Legislative Council Meeting Members’ Motions: Policy on unemployment loan

Policy on unemployment loan

MR CHAN CHUN-YING (in Cantonese):

Deputy President, the labour market in Hong Kong is still in a cold winter. I thank Mr POON Siu-ping for proposing the motion today so that we can discuss the relief measures for the currently unemployed. The COVID-19 epidemic is plaguing the whole world. According to a report released by the International Labour Organization (“ILO”) in December last year, the epidemic has wiped out 81 million jobs in Asia Pacific in 2020. Various countries have provided emergency unemployment assistance to the unemployed. The Singaporean government, for example, introduced the Covid-19 Support Grant and the Covid-19 Recovery Grant in 2020 and 2021 respectively to provide assistance to unemployed nationals aged 21 or above over a period of three months. The amount of monthly assistance provided this year is S$700 (approximately HK$3,940), which is equivalent to 15% of their median monthly employment earnings.

Hong Kong is actually facing the same employment hardship. In 2019, the unemployment rate in Hong Kong for the whole year was only 2.9%. However, the unemployment rate for the period between December last year and February this year reached 7.2%, with 260 000 people being unemployed. According to the latest figures released by the Census and Statistics Department, the seasonally adjusted unemployment rate for the period from February to April this year stood at 6.4%, with 247 500 people being unemployed. The unemployment rate of the food services sector reached a high of 12.1%. In view of the critical situation in the hard-hit industries, many Honourable colleagues of the Legislative Council have urged the Government to provide assistance to the unemployed. However, the Government held that a temporary unemployment assistance would overlap with the existing measures as the unemployed can apply for the Comprehensive Social Security Assistance (“CSSA”) Scheme, and measures such as the Employment Support Scheme are in place to help people tide over the difficult times.

Yet, the following figures may give us some insights. According to the statistics of the Social Welfare Department, unemployment CSSA cases in April amounted to 19 801, and as I mentioned earlier, the number of unemployed people for the period from February to April this year was some 240 000. In other words, less than 10% of the unemployed applied for CSSA. The relatively low number of CSSA applicants is probably because of the high application threshold. For example, one of the criteria for CSSA application is that the household asset must not exceed a specific limit. The limit for single persons is $33,000, while that for two-person families is $44,000. For the currently unemployed who used to hold middle-ranking positions and have some savings, these requirements are hard to meet. Despite relaxing the asset limits by 100% last year, a large number of people can hardly benefit from it still.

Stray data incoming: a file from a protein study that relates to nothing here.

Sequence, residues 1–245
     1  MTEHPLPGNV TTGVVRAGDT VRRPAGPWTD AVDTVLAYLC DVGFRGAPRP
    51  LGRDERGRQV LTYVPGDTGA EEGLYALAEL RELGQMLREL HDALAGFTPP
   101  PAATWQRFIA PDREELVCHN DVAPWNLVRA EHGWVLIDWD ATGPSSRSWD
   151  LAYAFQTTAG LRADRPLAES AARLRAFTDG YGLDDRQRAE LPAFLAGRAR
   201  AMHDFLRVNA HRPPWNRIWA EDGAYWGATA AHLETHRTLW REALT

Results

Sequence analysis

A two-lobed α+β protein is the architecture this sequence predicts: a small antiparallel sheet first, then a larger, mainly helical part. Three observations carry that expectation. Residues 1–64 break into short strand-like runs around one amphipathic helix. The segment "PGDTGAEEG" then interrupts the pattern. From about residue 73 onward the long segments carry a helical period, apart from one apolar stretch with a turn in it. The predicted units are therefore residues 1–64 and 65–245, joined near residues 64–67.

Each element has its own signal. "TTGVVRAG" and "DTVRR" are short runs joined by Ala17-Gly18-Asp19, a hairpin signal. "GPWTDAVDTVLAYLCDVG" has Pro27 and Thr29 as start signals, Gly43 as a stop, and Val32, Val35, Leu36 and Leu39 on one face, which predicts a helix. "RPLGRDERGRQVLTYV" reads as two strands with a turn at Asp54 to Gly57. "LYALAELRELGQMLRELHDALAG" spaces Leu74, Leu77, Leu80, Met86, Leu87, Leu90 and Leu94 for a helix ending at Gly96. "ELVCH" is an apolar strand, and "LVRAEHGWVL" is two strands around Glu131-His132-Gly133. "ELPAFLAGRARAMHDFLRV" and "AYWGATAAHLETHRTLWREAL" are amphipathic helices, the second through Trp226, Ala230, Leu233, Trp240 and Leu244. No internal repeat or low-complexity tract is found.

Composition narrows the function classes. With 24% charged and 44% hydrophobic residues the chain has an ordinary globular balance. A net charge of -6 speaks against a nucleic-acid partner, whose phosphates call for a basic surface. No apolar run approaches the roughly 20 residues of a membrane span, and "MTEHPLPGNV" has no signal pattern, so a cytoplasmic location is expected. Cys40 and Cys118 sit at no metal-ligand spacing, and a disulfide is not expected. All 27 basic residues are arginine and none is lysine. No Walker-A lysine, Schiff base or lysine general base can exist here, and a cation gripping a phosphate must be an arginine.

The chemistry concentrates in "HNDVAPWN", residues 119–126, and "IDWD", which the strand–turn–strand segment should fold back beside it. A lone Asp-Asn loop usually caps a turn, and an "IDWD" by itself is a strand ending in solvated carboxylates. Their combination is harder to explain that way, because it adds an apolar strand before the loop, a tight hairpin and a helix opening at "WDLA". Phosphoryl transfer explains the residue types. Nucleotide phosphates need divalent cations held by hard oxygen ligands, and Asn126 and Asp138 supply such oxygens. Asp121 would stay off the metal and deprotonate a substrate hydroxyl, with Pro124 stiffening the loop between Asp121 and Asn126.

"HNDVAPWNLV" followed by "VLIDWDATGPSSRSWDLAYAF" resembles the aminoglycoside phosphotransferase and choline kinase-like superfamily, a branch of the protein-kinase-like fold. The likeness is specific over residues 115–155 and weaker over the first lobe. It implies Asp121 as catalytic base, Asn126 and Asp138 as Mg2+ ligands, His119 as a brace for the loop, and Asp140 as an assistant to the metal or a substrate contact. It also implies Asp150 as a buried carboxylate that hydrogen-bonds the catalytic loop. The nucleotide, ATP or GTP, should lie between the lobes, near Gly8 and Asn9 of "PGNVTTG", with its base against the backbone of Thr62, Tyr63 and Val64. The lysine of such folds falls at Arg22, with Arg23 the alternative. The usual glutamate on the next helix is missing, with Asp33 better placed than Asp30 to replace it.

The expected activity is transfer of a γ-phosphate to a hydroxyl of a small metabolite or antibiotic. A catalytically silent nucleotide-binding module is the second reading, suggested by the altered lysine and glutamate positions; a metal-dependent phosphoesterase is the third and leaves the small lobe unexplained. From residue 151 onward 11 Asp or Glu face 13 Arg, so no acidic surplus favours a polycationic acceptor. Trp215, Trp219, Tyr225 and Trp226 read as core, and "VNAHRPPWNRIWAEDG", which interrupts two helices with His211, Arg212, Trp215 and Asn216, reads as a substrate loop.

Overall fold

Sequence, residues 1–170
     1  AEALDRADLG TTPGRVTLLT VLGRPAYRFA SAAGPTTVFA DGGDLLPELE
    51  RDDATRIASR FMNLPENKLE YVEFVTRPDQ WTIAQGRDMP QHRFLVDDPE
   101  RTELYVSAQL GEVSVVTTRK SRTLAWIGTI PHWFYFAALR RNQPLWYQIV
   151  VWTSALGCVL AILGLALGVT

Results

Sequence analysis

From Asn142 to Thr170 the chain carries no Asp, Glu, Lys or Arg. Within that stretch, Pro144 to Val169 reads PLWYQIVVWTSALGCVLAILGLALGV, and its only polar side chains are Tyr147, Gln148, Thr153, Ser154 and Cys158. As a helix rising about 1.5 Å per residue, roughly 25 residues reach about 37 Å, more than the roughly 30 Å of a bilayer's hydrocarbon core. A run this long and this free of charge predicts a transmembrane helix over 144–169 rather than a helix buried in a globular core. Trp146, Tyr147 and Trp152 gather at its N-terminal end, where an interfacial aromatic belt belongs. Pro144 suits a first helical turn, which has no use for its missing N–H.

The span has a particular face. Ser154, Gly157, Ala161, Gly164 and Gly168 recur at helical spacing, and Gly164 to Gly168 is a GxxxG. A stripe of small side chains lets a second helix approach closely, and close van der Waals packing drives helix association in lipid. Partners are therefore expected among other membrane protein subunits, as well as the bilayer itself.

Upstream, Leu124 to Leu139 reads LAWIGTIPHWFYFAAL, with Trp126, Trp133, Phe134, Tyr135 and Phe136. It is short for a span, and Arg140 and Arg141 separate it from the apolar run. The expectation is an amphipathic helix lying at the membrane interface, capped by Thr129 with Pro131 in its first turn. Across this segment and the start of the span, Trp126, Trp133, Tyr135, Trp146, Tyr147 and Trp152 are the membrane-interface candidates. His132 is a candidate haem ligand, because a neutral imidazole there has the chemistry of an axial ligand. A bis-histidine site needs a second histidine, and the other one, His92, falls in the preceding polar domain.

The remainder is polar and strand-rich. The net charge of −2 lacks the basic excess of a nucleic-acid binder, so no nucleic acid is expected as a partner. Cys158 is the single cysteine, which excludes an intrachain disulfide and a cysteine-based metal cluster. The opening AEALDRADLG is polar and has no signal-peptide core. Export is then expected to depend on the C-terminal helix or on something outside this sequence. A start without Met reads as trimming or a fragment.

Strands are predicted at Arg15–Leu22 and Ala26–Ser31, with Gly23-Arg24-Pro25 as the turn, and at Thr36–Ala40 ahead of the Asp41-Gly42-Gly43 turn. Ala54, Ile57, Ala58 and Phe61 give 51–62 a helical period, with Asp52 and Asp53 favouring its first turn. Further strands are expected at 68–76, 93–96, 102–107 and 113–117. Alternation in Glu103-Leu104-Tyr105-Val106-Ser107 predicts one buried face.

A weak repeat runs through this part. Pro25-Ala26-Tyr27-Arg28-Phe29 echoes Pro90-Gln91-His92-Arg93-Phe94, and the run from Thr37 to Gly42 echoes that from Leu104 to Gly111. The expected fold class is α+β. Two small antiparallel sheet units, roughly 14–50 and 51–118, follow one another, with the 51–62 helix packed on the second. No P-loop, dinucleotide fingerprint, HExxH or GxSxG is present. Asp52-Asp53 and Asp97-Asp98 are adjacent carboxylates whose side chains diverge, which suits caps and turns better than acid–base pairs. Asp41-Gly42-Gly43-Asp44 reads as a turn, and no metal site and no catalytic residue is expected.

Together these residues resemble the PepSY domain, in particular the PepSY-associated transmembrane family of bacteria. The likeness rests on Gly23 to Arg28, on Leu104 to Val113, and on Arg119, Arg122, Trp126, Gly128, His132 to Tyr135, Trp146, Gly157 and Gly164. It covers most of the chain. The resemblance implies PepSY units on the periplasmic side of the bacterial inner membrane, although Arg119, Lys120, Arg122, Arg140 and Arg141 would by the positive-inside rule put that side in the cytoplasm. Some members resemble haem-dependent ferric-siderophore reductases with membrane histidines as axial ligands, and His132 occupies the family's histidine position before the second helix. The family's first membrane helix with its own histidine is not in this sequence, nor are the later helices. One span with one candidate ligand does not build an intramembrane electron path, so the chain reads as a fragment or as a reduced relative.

In response to the financial difficulties arising from unemployment, Paul CHAN, the Financial Secretary, promptly introduced the 100% Personal Loan Guarantee Scheme (“the loan scheme”) in this year’s Budget. The loan scheme provides cash flow to those who have lost their jobs during the COVID-19 epidemic. Although the maximum loan amount is $80,000 only, the loan scheme can still give the unemployed a breathing spell. The annualized percentage rate of the loan scheme is 1% and the maximum repayment period is six years. Applicants, in effect, do not have to pay any interest if repayments are made on time. In other words, if applicants return to the labour market after taking out a loan, repayments will not be a heavy financial burden to them and the original intent of relieving their financial pressure can be achieved.

Nevertheless, the loan scheme will end at the end of October this year. The Secretary also pointed out in his blog last week that Hong Kong’s economy has been picking up its impetus and estimated that the unemployment rate will soon come down to the level nearly one year ago. However, there is still a huge gap to fill compared to the pre-epidemic period. We can imagine that unemployment will still plague Hong Kong for a while. Before the economy fully recovers or a long-term unemployment support scheme is formulated, I expect the Government to consider a sustained policy on unemployment loan, or at the very least, appropriately extend the existing loan scheme, so as to help relieve the pressure of living of the unemployed. Therefore, I support the motion proposed by Mr POON Siu-ping.

Deputy President, I so submit.